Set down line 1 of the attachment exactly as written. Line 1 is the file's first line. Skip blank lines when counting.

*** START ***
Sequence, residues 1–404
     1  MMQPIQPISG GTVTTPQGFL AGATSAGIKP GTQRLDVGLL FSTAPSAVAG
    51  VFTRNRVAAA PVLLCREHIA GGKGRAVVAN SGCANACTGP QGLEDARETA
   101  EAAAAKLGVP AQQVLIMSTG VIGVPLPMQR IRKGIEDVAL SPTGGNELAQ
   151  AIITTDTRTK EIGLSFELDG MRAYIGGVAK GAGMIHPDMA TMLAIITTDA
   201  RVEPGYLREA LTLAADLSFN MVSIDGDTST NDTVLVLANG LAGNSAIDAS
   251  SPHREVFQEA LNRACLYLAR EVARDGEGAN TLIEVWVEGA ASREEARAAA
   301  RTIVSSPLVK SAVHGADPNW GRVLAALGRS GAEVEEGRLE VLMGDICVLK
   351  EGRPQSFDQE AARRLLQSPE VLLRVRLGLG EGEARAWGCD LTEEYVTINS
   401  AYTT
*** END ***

Sequence, residues 1–404